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Some see danger in changing Social Security’s funding

Another Social Security tax cut, intended to spark the sluggish economy, seems to be in the works. But some Social Security policy experts and Democratic members of Congress see fatal flaws in President Obama’s proposed tax cut.

Another Social Security tax cut, intended to spark the sluggish economy, seems to be in the works.

But the short-term boost for workers could create even more problems for a giant entitlement program already facing a long-term financing shortfall.

The tax cut is a vital ingredient in President Barack Obama’s jobs bill. On the campaign trail in Pennsylvania last week, Obama touted the proposal as a tax break for “middle-class families who are likely to spend this money now and get the economy moving again.”

For 2012, Obama wants to cut the tax, normally 6.2 percent on both the employer and the employee, to 3.1 percent. The tax cut for businesses would apply on the first $5 million in wages paid. The proposal builds on the 2 percentage point payroll tax reduction that is in effect for 2011.

With average earnings at about $790 a week, the payroll tax cut would amount to $24 a week in additional take-home pay, compared to what the average worker would have made if the tax were at its normal 6.2 percent rate.

Replacing lost revenues
The tax cut would cause a $289 billion loss in Social Security revenues, which would be replaced by general tax revenue funds transferred from the Treasury.

Some congressional Republicans seem inclined to support the idea, but some Social Security policy experts, Democratic members of Congress and Republican presidential contender Mitt Romney see fatal flaws in the payroll tax cut.

Charles Blahous, a senior fellow at the Mercatus Center, a free market-oriented think tank at George Mason University, said members of Congress have not adequately debated the merits of this proposal.

“There hasn’t been nearly enough attention to this,” he said in an e-mail interview Monday night. “The idea that Social Security’s payroll tax can be cut for stimulus purposes without effects on Social Security is absurd.”

He added, “Only two things can happen, either Social Security goes insolvent earlier, or we continue funding the program with general revenues, undermining the basis of Social Security’s longstanding bipartisan support — the idea that it’s not welfare, but a benefit earned by worker tax contributions.”

Supposed to be a self-financing system
Blahous said, “Social Security is represented to the public as a benefit that workers earn with their payroll taxes. The foundational idea of the program, and the reason that it has a separate trust fund, is that it is supposed to be self-financing. Over the long run, the benefits it pays are supposed to be no more and no less than the revenues that it generates.”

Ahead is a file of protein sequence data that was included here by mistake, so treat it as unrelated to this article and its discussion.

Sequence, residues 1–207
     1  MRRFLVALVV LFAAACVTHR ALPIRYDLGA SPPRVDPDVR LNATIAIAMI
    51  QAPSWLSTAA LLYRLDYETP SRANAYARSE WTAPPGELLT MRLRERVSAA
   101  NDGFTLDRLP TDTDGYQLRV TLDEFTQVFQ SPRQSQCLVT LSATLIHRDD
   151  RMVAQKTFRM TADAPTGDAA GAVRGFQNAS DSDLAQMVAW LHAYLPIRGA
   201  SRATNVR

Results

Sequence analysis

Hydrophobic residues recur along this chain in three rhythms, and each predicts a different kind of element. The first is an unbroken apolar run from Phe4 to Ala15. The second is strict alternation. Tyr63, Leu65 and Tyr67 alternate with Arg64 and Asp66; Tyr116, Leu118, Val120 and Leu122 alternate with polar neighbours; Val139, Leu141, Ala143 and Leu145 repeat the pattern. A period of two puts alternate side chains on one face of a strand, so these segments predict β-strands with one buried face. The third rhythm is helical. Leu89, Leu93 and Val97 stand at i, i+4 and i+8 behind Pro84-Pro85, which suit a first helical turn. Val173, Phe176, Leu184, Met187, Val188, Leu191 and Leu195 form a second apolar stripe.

He called transferring general Treasury funds into Social Security a form of “accounting gimmickry.”

He emphasized that “there are no tax payments behind these general revenue transfers; because they were issued to cover for a payroll tax cut, they are simply an issuance of debt that our kids have to pay for, accompanied by an accounting pretense that we paid something that we didn’t.”

Sen. Joe Manchin, D-W.V., who is up for re-election next year, also opposes the payroll tax cut arguing that the revenue loss "hits Social Security right smack in the eye."

Democratic critics of the program worry that Obama might be undermining what has been a signature Democratic program since Franklin Roosevelt and Congress created it 76 years ago.

Step toward dismantling Social Security?
In a letter to Obama last July, 62 House Democrats said “a payroll tax cut may be used as the first step in a larger battle to fundamentally dismantle Social Security.”

They added, “The current cut in Social Security contributions must be allowed to expire as scheduled (on Dec. 31, 2011). History instructs that any tax cut is politically difficult to terminate.”

Some Democrats in Congress say that the current payroll tax cut hasn't had the stimulative effect that its proponents promised. And with the 2012 elections a year away, they think it doesn't help the president politically to be adding to the national debt when many Americans are trying hard to pay off their own home equity loans and other debts.

The skepticism about the idea is shared by Romney. When asked about the idea in in last week’s GOP presidential debate, he said, “What it takes to create jobs is more than just a temporary shift in a tax stimulus.”

Asked whether he'd oppose or support Obama’s proposal, he replied, “Look, I don't like temporary little Band-Aids. I want to fundamentally restructure America's foundation economically.”

But the idea does have its supporters.

Paul Van de Water, a senior fellow at the liberal-leaning Center on Budget and Policy Priorities, said, “The payroll tax holiday is providing needed stimulus to the economy, and Social Security is being fully protected against any loss in income. Since the economy remains weak, extending the payroll tax holiday for another year makes sense.”

But he cautioned that the longer the payroll tax reduction is continued “the more difficult it might be to restore the tax to its original level, and failing to do so would blow a huge hole in Social Security’s finances.”

Altogether, including its proposed spending on hiring public employees, repairing schools and building highways, Obama’s jobs bill would add $288 billion to the deficit in fiscal year 2012 and another $129 billion to the deficit in 2013.

Over ten years, Obama proposes to offset this with tax increases on people with incomes of over $200,000 so that by the end of the ten-year period his plan would slightly reduce cumulative deficits.